Kin Carmody submitted this summary of his recent research into the 1838-O half dollars. Thanks! A link to his full paper is below.
NEW RESEARCH PROVES THAT THE TYLER/BACHE SPECIMEN
IS THE ONLY SURVIVING ORIGINAL 1838-O HALF DOLLAR
In January-March 2016, NGC conducted an exhaustive out of holder examination of the TYLER/BACHE 1838-O half dollar.
It is one of only nine known specimens, and the purpose of this review was to determine if it had characteristics that made it different from the other eight.
SUMMARY OF RESEARCH FINDINGS
1) The Tyler/Bache specimen has the least developed GR-1 die crack on the reverse and it is therefore the earliest produced of all the known survivors.
2) The Tyler/Bache specimen has dentil distress marks on its lower reverse that were made by the loose reverse die at the end of the Jan1839 original (first) production run. This run was intended to test the large dollar press in order to make coins for circulation, but the reverse die support system collapsed after only 10 coins were struck, and it was not possible to make more at that time.
3) No other specimens have even the slightest reverse marks that could be attributable to the loose reverse die. These marks would have to be present if the others were produced in this same run because they were all struck later than Tyler/Bache and have more developed GR-1die cracks. Therefore, Tyler/Bache MUST BE THE ONLY SURVIVOR FROM THE ORIGINAL RUN.
4) The Tyler/Bache specimen has a weak/shallow strike. This weak strike is due to two factors. First, the coins in this original run were intended for circulation rather than as proofs for the Mint Director. Second, the original run had to use the dollar press because the half dollar press was not ready for production. The reverse half dollar die was too short to be secured into the larger dollar press, and Rufus Tyler, the Chief Coiner, had to splice it into place. We can infer that Tyler would have used lower striking pressure on his "jury rigged" system in an attempt to reduce the risk of failure.
All the other specimens have very strong, sharp, strikes that are stronger than even the PROOF 1838 half dollars made in Philadelphia. We can conclude that these other specimens COULD NOT HAVE BEEN MADE ON THE DOLLAR PRESS AT A LATER DATE because their strikes are too strong.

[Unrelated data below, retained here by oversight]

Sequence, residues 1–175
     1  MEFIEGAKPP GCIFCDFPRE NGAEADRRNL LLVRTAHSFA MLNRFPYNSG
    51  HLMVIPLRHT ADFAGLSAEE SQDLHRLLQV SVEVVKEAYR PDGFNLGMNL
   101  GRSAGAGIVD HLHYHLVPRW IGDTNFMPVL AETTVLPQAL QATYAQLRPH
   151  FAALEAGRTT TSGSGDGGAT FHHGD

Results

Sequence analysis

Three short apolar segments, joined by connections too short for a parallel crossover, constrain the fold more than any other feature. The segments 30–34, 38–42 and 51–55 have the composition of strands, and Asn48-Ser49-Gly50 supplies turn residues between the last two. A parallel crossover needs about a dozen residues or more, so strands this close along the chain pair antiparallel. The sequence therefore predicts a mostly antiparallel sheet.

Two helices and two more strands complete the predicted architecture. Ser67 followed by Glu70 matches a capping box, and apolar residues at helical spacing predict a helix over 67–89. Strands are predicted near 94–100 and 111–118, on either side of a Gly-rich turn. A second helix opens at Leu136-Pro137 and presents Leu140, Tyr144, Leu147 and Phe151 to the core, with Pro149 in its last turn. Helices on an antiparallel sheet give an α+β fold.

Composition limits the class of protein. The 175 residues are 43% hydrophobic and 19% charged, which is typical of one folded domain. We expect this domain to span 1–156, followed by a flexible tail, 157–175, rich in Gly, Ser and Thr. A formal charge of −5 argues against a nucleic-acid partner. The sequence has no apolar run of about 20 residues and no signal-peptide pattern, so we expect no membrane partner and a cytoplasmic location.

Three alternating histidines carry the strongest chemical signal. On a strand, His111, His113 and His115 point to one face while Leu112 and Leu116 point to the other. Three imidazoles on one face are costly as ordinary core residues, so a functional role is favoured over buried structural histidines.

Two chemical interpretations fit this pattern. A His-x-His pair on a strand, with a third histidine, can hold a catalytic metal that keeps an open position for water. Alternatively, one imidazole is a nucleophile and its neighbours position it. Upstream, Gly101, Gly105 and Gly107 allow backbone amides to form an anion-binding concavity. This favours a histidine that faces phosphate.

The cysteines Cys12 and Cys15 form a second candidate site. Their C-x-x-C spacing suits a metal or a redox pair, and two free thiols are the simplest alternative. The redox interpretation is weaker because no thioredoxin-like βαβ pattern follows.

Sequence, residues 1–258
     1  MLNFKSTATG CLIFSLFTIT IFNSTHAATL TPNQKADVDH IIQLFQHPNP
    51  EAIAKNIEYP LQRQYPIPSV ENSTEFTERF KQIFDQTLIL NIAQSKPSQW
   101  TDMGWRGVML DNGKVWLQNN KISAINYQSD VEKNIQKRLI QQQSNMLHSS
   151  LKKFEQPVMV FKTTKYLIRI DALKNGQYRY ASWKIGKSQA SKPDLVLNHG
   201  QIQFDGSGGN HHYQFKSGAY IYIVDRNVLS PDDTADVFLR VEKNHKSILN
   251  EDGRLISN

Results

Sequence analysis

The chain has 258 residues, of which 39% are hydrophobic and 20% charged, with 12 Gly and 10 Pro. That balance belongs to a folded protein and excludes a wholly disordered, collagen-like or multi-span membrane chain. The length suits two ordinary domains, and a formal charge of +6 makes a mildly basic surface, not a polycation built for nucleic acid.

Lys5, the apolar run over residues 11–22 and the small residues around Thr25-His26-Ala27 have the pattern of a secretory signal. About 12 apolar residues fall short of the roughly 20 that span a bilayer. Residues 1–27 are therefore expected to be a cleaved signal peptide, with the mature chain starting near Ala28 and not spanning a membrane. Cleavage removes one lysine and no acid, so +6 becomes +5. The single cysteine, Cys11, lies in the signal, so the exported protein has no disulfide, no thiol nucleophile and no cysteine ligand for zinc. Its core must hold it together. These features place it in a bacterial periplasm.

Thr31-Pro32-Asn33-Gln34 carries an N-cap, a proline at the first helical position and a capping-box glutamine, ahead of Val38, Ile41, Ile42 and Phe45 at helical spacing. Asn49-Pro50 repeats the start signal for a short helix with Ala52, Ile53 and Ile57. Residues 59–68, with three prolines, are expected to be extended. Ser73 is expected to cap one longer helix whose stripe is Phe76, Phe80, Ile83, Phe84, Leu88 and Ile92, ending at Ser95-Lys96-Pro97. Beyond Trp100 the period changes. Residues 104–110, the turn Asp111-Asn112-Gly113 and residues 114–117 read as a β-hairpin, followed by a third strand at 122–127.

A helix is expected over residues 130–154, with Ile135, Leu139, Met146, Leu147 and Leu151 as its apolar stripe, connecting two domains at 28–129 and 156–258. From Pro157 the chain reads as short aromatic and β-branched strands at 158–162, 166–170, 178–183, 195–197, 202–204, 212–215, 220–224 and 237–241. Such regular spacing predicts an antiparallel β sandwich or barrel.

5) All other specimens are PROOFS Produced at a later date on the half dollar press for Mint Director Patterson.
All known 1838-O half dollars fall into two groups. They are :
made for circulation in New Orleans in Jan 1839
made on the dollar press
made under lower striking pressure
only one survivor
made as proofs for Mint Director Patterson in New Orleans in late March /early April 1839
made on the half dollar press
made under higher striking pressure
For the full text of the research study, please click on this URL. Please note that Dropbox will ask you to sign up, but this is not necessary. Just click on "skip this step":
Here's the introduction to the 17-page paper; see the complete version online for details of the study.
Few American coins have a history and rarity that can equal that of the TYLER/BACHE half
dollar. In the 19th century the origins of the 1838-O half dollar were unknown, as there were no mint
records of its production. As late as 1890, some numismatists believed that no more than 3
specimens existed, and it was considered to be among the rarest of all American coins.
Then, on June 7/8
1894, Ed. Frossard held an auction of the William Friesner collection in New York and an 1838-O half
dollar was listed as item number 583. The coin was purchased by famed Numismatist and author
Augustus Heaton, and his initials can still be seen next to the listing in Frossard's personal copy of the
auction catalog. Heaton had published his book "A TREATISE ON COINAGE OF THE UNITED 1
STATES BRANCH MINTS " in 1893 which led to numismatic interest in the collection of mint marks in
addition to dates, and the 1838-O half dollar was prominently referenced in his book on pages 28 and 29.
After purchasing this prized item, Heaton made inquiries as to its origin. As a result of these inquiries, a
note from Rufus Tyler, Chief Coiner of the New Orleans Mint, was discovered, and this was the first clue as
to the origins of this famed rarity.
Wayne Homren, Editor
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